A guide tube 108 is mounted within the tubular housing 102 and secured thereto through bolts 110 and 112. The guide tube 108 forms two vertical tubular cavities in which are slidably positioned two fixed tubes 114. Referring now to FIGS. 3 and 4, a stretcher bracket 116 having a projecting nose 118 is mounted to the top of the fixed tubes 114 through screws 122. To this end, the tubes 114 have tapped upper portions at 120 which threadably engage the screws 122. Holes 124 are provided in the stretcher bracket 116 through which the screws 122 extend.
A stretcher bracket 128 is also secured to the bottom of the tubes 114 at the base 18 through screws 130. To this end, the tubes 114 have tapped bottom portions 126 in which the screws 130 are threaded. Holes are provided through the stretcher bracket 128 for passage of the screws 130.
The stretcher bracket 128 in turn is mounted to the base 18 through a retainer plate 132 and a bolt 136. As seen in FIGS. 3 and 4, the interior of the base 18 is hollow and has ribs 134 against which the retainer plate 132 rests. The bolt 136 threadably engages a tapped hole in the top portion of the stretcher bracket 128. Thus, the tubes 114 are securely mounted to the base 18.
A shroud 138 which has an elongated, rectangular cross-section is mounted between the tubes 114 and the leg housing 102. The shroud 138 rests on the top portion of the base 18 and in the position of the drive mechanism illustrated in the drawing rests against the bolt 112.
In operation, as the crank handle 28 is rotated, pulley 50 rotates to drive belt 54 and thereby rotates pulley 80 and threaded rod 72. Rotation of the rod 72 in one direction will cause the nut 78 to travel upwardly along the rod 72, thereby rotating the lever 82 in a counterclockwise direction as illustrated in FIG. 3. As the lever 82 rotates, the engagement member 88 will bear against the nose 18 of the stretcher 116. Because the tubes 114 are fixed, the lever 18 will actually rotate about the nose 118. Because the lever 82 is secured to the shroud 26 through the pivot pin 92, the entire shroud, and therefore the top 20, will be raised as the nut 78 moves upwardly along the threaded rod 72. Raising of the tabletop 20 will cause the leg housing 102 to rise because the housing 102 is secured to the tabletop 20 and to the shroud 26. As the tubular housings 102 rise, the guide tube 108 will also rise and be guided in its movement along the fixed tubes 114. Further, during this action, the lower end of the tubular housings 102 will separate from the base 18. However, the gap between the base 18 and the housing 102 will be covered by the shroud 138 which will remain in resting position on the base 18.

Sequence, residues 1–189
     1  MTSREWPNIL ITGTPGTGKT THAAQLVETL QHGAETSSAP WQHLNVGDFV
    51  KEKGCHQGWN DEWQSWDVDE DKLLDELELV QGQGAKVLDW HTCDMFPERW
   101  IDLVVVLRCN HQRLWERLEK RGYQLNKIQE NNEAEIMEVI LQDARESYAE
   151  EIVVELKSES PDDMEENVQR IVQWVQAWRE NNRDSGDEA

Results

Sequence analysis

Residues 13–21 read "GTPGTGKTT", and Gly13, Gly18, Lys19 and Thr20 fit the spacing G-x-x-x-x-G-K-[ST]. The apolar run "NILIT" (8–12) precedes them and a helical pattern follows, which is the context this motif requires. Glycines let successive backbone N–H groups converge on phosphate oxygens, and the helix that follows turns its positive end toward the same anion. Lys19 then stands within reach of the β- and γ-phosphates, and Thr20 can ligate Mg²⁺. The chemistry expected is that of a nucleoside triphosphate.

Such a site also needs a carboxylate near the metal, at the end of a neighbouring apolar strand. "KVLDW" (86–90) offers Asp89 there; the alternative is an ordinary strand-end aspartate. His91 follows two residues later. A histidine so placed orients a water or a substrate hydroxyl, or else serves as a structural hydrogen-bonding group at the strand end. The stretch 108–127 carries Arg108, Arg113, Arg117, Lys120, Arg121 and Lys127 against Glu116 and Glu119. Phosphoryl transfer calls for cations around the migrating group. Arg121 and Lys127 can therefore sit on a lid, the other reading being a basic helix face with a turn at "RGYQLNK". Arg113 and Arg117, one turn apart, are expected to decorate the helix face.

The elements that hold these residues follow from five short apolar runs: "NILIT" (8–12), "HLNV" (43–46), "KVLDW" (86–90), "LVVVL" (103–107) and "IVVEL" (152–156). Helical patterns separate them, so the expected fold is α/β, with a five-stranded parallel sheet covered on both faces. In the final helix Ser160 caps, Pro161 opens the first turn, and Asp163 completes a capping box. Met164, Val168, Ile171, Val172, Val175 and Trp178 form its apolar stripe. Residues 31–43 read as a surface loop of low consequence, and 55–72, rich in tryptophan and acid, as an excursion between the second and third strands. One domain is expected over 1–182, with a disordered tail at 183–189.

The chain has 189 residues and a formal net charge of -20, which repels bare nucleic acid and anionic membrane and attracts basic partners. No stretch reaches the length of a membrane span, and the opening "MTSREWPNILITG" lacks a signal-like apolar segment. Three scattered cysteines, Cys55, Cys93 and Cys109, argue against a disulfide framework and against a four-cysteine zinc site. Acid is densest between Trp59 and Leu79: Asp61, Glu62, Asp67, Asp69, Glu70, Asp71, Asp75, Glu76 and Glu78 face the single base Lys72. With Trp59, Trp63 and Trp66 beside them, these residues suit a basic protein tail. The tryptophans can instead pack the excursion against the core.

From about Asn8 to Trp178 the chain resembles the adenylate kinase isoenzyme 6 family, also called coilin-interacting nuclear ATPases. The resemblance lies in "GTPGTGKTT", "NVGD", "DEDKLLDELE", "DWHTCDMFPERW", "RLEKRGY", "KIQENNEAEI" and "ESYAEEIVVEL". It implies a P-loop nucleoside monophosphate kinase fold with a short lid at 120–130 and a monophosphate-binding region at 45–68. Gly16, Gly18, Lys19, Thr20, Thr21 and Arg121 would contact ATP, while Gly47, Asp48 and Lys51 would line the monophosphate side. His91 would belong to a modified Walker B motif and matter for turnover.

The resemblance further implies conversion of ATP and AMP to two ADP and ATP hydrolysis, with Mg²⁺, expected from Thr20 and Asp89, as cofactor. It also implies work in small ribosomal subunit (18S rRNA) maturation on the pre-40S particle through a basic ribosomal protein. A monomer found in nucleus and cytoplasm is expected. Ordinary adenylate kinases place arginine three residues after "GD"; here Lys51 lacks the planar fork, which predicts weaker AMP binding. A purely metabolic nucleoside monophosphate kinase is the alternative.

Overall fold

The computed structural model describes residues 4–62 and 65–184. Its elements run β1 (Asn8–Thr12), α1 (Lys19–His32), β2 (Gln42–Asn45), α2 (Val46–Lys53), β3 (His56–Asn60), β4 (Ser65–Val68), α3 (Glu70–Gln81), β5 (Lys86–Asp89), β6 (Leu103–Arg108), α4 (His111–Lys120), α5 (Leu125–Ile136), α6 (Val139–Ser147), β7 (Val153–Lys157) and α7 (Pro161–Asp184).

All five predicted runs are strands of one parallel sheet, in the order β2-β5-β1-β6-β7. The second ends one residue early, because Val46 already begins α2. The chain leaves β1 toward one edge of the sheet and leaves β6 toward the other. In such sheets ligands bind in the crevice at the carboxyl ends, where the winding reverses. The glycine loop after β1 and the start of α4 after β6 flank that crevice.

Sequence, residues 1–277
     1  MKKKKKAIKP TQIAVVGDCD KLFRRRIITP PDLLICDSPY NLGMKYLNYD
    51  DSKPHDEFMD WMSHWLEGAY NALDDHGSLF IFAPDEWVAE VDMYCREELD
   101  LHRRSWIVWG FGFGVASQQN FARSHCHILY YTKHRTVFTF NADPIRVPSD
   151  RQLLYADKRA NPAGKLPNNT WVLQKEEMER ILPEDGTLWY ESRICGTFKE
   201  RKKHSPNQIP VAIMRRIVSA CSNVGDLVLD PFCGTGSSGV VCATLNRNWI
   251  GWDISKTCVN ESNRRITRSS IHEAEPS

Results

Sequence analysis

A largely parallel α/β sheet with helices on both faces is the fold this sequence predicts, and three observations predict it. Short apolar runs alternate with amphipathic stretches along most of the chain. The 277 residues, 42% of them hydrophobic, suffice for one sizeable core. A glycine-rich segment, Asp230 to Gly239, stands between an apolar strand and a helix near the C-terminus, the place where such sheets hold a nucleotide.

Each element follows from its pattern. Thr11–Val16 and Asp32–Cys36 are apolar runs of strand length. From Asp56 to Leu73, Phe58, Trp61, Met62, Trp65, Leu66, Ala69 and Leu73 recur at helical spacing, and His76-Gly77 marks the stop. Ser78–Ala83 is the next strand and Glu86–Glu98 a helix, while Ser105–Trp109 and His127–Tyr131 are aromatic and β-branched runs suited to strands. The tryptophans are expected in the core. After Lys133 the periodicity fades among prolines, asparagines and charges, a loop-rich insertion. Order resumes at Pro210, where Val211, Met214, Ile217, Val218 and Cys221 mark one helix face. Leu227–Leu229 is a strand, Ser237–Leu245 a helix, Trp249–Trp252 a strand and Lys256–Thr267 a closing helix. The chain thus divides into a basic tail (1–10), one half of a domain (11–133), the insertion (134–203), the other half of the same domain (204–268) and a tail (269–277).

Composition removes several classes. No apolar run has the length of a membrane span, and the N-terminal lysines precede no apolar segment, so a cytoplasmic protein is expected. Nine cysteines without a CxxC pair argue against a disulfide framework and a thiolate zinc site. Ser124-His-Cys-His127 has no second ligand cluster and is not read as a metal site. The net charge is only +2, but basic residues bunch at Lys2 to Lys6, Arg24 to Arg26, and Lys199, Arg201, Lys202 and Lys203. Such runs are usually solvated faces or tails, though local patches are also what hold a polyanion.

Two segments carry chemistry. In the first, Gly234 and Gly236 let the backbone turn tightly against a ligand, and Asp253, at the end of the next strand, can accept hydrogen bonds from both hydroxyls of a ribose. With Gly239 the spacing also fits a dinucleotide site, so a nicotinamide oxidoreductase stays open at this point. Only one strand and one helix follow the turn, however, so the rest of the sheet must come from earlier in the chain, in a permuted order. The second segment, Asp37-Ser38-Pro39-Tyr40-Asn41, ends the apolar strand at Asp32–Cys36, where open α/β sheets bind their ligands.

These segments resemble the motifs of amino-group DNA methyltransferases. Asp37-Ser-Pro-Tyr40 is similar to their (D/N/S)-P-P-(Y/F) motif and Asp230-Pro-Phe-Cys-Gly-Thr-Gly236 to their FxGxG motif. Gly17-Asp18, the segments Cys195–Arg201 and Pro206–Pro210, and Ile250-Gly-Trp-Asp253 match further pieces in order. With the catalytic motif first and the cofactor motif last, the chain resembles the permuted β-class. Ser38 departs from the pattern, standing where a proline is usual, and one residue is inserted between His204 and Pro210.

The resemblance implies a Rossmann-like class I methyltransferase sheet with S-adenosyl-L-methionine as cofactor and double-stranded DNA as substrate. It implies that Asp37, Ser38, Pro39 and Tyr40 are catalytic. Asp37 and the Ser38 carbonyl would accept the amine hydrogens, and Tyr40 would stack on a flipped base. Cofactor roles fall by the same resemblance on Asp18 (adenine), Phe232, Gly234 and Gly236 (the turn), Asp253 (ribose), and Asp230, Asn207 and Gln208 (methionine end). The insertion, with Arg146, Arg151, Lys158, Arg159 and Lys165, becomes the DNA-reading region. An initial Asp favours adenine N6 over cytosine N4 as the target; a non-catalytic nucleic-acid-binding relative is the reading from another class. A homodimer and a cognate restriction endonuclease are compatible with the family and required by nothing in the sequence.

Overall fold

The drive mechanism has been described with respect to a single lever 82 and one leg construction. As indicated above, the leg constructions are identical and identical levers 82 are provided between the nut 78 and each leg so that both legs are raised simultaneously.
The invention has been described with reference to a crank mechanism 28 on the right side of the desk. The invention, however, contemplates that the crank mechanism can be mounted on either side of the desk at the option of the user. The crank and mounting assembly can be positioned on either side of the desk without changing the operation or the structure of the drive mechanism. With this mechanism, there is no need of separate inventory of right- and left-hand oriented parts.
The use of this single common-drive mechanism for raising the telescoping leg members provides for a uniform change of height of the tabletop. This structure eliminates dual screw-drive mechanisms which are more difficult to raise and are more expensive to put into operation. Further, it eliminates any height inaccuracies between the two sides of the tabletop due to synchronization of two screw-drive mechanisms. The single-pulley drive mechanism is simple in operation and less expensive than a dual-belt drive mechanism which may be required to drive a dual screw-drive mechanism. Further, the dual lever mechanism occupies less space beneath the table than might be occupied by conventional sissors mechanisms.
The friction of the system is sufficient to maintain the tabletop in any adjusted position. Downward force on the tabletop is transmitted through the levers to the nut 78. The pitch of the threads in the threaded rod 72 and the threads in the nut 78 and the friction between these two elements are sufficient to maintain the nut 78 in its adjusted position on the threaded rod 72.
Whereas the invention has been described with respect to the drive means and the levers mounted to the tabletop and to the movable portions of the legs (tubular housing 102), it is within the scope of the invention to provide the drive mechanism and the levers on the stationary leg members (tubes 114) whereby the end of the levers distal from the nut-engaging ends thereof would engage the movable leg portions and thereby raise the table. Further, whereas the invention has been described with respect to a table having two legs, the table could have more than two legs and driven by two or more levers. At least two levers are believed necessary to raise the table but one lever for each leg can be provided in the event that there are more than two legs. Two levers could be used with multiple legs in the event that multiple legs are interconnected.
Reasonable variation and modification are possible within the scope of the foregoing disclosure and drawings without departing from the spirit of the invention which is defined by the appended claims.
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|Feb 17, 1983||AS||Assignment|
Owner name: HERMAN MILLER, INC., OTTAWA, MI., A CORP. OF MI.
Free format text: ASSIGNMENT OF ASSIGNORS INTEREST.;ASSIGNOR:KURRASCH, ANDREW J.;REEL/FRAME:004096/0019
Effective date: 19830208
|Oct 13, 1988||FPAY||Fee payment|
Year of fee payment: 4
|Aug 25, 1992||FPAY||Fee payment|
Year of fee payment: 8
|Sep 27, 1996||FPAY||Fee payment|
Year of fee payment: 12